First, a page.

shooting trapdoor springfield


chuck faison
August 25, 2009, 08:05 PM
Can we please talk about shooting the trapdoor rifles and carbine.Not the repos but the real thing.I guess the repos would be better steel therfore stronger.However I have shot lots with black and also with smokeless powder. your thoughts on this subject..

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August 25, 2009, 08:07 PM
Can we please talk about shooting the trapdoor rifles and carbine.Not the repos but the real thing.I guess the repos would be better steel therfore stronger.However I have shot lots with black and also with smokeless powder. your thoughts on this subject..
So? Didja buy it after I pointed you towards it? Was it what you were looking for?

August 25, 2009, 08:18 PM
Chuck most modern 45/70 ammo is fine for a good condition Trapdoor. Often it will say so on the box. Just not the Really new really hot stuff.

I have 2 one nice all original and another one with the stock sporterized (I didn't do it). I shoot the cut down stock every once in a while when I get the urge. The fullstocked better quality one hangs out in the safe.

August 25, 2009, 08:18 PM
Mines a remake an H & R but I only shoot BP thru it, I don't feel its so much the steel as the design of the rifle that limits the load.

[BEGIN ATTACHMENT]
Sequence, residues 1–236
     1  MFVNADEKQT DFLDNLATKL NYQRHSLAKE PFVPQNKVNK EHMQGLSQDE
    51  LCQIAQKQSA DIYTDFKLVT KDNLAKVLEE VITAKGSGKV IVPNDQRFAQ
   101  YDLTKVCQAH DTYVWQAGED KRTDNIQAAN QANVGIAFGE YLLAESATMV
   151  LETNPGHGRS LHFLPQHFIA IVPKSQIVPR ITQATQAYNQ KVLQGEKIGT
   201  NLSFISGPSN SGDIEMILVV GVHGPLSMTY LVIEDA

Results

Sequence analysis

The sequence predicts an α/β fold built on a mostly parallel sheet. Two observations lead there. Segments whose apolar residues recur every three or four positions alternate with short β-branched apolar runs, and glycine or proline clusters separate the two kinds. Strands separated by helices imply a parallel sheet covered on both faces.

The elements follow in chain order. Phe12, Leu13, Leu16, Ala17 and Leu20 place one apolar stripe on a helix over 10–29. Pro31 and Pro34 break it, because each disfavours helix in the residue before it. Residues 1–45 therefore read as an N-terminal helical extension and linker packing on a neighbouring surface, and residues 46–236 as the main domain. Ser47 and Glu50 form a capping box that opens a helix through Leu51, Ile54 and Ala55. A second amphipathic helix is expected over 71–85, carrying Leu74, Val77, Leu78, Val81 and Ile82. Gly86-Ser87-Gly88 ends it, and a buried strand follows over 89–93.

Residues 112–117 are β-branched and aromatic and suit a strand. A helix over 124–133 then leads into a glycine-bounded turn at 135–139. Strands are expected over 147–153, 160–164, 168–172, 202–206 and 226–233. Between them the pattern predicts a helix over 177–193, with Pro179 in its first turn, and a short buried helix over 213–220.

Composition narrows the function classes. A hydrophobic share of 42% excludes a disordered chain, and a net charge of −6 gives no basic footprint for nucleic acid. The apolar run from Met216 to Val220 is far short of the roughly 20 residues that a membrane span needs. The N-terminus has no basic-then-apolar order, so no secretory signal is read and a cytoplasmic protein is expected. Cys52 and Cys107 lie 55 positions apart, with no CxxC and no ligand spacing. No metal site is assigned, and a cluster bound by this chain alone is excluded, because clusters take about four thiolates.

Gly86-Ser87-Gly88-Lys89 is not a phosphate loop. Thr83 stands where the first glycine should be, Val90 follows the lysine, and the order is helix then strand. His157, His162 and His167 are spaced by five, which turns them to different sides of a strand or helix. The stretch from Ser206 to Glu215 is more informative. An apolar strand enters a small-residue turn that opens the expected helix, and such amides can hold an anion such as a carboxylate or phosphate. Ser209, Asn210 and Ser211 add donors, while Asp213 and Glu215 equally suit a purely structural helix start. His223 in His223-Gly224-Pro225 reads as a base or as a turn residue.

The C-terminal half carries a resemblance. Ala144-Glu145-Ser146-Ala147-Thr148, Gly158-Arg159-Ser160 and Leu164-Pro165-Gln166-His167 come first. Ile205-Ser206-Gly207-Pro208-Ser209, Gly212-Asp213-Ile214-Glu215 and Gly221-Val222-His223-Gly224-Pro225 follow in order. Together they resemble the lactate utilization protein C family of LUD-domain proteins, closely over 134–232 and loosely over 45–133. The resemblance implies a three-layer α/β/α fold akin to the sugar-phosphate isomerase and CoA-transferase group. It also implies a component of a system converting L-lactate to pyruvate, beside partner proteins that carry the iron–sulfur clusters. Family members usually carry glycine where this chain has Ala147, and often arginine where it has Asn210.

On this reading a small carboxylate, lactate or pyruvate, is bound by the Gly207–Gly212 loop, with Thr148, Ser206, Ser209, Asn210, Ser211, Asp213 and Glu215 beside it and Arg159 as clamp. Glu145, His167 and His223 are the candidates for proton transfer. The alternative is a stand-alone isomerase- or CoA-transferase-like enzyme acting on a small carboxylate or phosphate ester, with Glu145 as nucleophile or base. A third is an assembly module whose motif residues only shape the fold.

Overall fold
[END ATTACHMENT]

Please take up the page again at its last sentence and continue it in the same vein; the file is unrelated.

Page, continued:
Fun rifle to shoot though.

August 25, 2009, 08:31 PM
I recently passed on a good deal on an original Springfield trapdoor because I know nothing about the ammo. Is it readily available? What about reloading?

August 25, 2009, 08:56 PM
I bought 8 boxes of Goex 45-70 BP 350 gr bullets from these guys, this will be my reloading brass.

August 25, 2009, 10:09 PM
I load my own,and currenly have 210 loaded cases.However,Ultramax [sold by Sportsmans guide] makes safe, affordable BP equivilant smokeless loads ,for those that don't want to mess with reloading or BP cleaning.

Acorn Mush
August 25, 2009, 10:34 PM
I recently passed on a good deal on an original Springfield trapdoor because I know nothing about the ammo. Is it readily available? What about reloading?

Pohill, find out quick if you can still pick up that Trapdoor! The ammo is readily available and easy to reload. First get the rifle if you can, then we'll give you all the reloading advice you need. Go man, go!

August 26, 2009, 08:34 AM
I saw it in a store way up the Maine coast. It was mint - no rust, nice coloring and lettering. The seller was asking $1500 but he said I could have it for $1000. He said it was made around 1894. I started reading about the Springfields online and it seems that parts were mixed and matched during that time period. I want a shooter and that gun looked perfect. Even my wife said "Buy it." But, I'm more into cap and ball. Still, that was a nice rifle.
Maybe I'll rethink it knowing that the ammo is available.
Thanks for the info.

August 26, 2009, 08:41 AM